vivian howard's tomato pie
Tomato pie is from the new old school of Southern cooking, likely the brainchild of twentieth-century magazine editors—this at least according to Nancie McDermott, the North Carolina-based author of Southern Pies. “My guess is that it's a creation of Junior League cookbook people and Southern Living magazine readers and ‘women's pages’ newspaper food editors, coming up with tasty ways to make use of the summer's abundance,” she writes. Damon Lee Fowler, author of Classical Southern Cooking, believes the pie became popularized in the 1970s and offers an alternative origin story: promotional recipes from Big Mayo. (Spoiler: the pie contains mayo.)
In any case, tomato pie is most popular in the Carolinas, especially the flat coastal Lowcountry. This particular recipe comes from Vivian Howard of Chef & the Farmer and PBS’s “A Chef’s Life.” Her 2016 cookbook Deep Run Roots is a rich and thoughtful exploration of Eastern North Carolina food, tradition, and history. This recipe from that book is one of my favorites.
The traditional recipe is a savory pie of summer tomatoes and herbs topped with a mixture of cheese and mayo (preferably Duke’s). That may sound off-putting to some, but trust me: Even people who think they hate mayo love this pie. The reason why is three and half pounds of tomatoes. See, the French counterpart to this pie—tomato quiche—is mostly a few slices of tomatoes suspended in an eggy custard. This is not that. This recipe calls for a glut of the best peak-season tomatoes. Half of them are used fresh and the other half are roasted to draw out water and concentrate flavor. Both the fresh and roasted tomatoes are tossed with basil and caramelized onions, piled high in a pie shell, and topped with a thin layer of equal parts fontina, parm, and mayo—just enough to seal in the pie and turn melty and golden when baked.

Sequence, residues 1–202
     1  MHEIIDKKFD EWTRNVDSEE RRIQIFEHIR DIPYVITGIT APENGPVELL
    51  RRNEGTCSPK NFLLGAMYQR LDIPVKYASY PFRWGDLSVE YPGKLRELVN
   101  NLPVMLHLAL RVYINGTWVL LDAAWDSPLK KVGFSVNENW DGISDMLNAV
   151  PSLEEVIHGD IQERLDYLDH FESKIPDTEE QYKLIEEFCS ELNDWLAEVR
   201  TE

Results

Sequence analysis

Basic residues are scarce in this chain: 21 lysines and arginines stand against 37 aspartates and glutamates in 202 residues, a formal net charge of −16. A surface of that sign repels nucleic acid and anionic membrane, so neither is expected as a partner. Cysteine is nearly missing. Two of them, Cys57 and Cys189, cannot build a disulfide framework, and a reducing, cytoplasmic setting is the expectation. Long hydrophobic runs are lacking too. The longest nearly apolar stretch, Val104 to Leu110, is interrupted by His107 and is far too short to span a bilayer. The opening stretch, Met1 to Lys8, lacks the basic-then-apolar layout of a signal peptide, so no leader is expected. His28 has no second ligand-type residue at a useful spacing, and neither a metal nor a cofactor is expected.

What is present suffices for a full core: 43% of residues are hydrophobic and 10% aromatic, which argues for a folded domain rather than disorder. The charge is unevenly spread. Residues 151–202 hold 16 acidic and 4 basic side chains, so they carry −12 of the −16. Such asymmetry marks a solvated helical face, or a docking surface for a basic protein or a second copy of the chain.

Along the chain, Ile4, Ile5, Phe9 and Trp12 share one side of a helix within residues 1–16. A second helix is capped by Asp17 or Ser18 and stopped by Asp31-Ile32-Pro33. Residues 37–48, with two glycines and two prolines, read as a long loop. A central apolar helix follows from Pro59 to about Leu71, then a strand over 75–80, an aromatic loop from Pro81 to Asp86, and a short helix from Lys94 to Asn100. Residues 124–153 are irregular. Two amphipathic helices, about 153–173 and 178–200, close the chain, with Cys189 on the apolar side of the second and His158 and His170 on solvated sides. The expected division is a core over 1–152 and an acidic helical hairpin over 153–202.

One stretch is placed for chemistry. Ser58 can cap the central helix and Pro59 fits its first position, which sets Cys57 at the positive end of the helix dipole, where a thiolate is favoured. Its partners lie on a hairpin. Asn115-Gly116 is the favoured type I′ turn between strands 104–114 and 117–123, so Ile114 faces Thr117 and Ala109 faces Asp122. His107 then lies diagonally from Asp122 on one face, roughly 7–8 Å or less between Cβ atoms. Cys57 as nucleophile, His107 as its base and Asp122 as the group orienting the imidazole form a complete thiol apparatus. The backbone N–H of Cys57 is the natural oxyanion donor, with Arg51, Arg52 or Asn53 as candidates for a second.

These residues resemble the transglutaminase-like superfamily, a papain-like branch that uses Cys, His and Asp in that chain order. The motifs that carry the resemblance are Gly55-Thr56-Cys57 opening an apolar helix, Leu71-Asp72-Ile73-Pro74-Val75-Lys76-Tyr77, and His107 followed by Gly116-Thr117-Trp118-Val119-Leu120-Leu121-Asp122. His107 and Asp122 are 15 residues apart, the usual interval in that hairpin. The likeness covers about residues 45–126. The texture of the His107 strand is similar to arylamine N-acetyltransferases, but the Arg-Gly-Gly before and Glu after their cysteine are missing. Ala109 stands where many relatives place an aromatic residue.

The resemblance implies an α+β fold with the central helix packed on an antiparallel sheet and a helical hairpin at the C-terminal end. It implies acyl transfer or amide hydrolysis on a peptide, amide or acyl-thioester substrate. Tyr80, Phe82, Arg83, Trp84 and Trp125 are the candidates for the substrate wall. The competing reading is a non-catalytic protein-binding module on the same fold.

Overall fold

So to me, this pie owes far less to Big Mayo than to Big Tomato. There are a lot of things you can do with peak tomatoes at the end of August, like eat them with nothing more than salt. But they fit better in pies than you might imagine—they're a summer fruit too, after all.
Vivian Howard’s Tomato Pie
Makes one 9-inch pie.
I use my pie dough recipe here (see link below). Other than that, no changes. The recipe in the cookbook doesn’t finish the pie with sliced tomatoes, but the Saveur adaptation does; I’ve used that adaptation below. Look for the very best tomatoes you can find. (Vivian uses local Cherokee Purples and German Johnsons.) The tomatoes should feel heavy and have a deep color. For a nice visual touch, you can also use two different colors—one for the roasted part and the other for the fresh. Finally, a note on timing: the diced fresh tomatoes need to sit for 1 hour (to drain excess water), the onions take about 45 minutes to caramelize, the roasted tomatoes bake for 30 minutes, and the assembled pie bakes for another 30 minutes. Make the pie dough the day before if possible, par-baking the day of.
THE BUTTER LAB’S PIE DOUGH (1/2 RECIPE FOR A SINGLE-CRUST PIE, PAR-BAKED AND COOLED)
3 1⁄2 lb. vine-ripe tomatoes (about 12), cored, seeded, and cut into 1⁄2-inch dice, divided
2 teaspoons salt, divided
1 teaspoon sugar, divided
1 tablespoon butter
1 large yellow onion, thinly sliced with the grain
1 teaspoon picked thyme
2 tablespoon extra-virgin olive oil
1/4 teaspoon (10 turns) freshly ground black pepper
1/3 cup packed whole basil leaves
TOPPING AND ASSEMBLY
1/2 cup mayonnaise
1/3 cup grated fontina
1/3 cup grated Parmigiano-Reggiano
2 large Roma or heirloom tomatoes, thinly sliced and blotted dry with paper towels
MAKE THE FILLING:
Toss half of the diced tomatoes with 1/2 teaspoon salt and 1/2 teaspoon sugar. Set them over a colander to drain while you get everything else ready, at least an hour.
Preheat oven to 375°F.
In a medium sauté pan or skillet, melt the butter and then add the onion and 1⁄2 teaspoon salt. Cook over medium-low heat until deeply caramelized. This will take about 45 minutes. If the onion gets away from you and burns a little, add 1⁄4 cup of water to the pan, scrape up the overbrowned bits, and keep going. In the end, you’ll have a scant 2/3 cup of caramelized onion.
While the onions are caramelizing, toss the remaining diced tomatoes with 1/2 teaspoon salt, thyme, and olive oil. Spread in a single layer on a sheet tray with as much room separating the individual pieces as possible. Slide the tray onto the middle rack of your oven and roast for 30-35 minutes. You're looking for the tomatoes to dry out and brown slightly.
Once all the individual components are done, stir together the onion, the fresh and roasted diced tomatoes, the remaining salt, sugar, black pepper, and basil.
MAKE THE TOPPING AND ASSEMBLE THE PIE:
In a separate, smaller bowl, stir together the mayonnaise, fontina, and Parmigiano. Spoon the filling into your par-baked crust. Top with the cheese mixture and tomato slices. Bake in the middle of your oven for 30 minutes. You can serve this warm or at room temperature. Both have their virtues.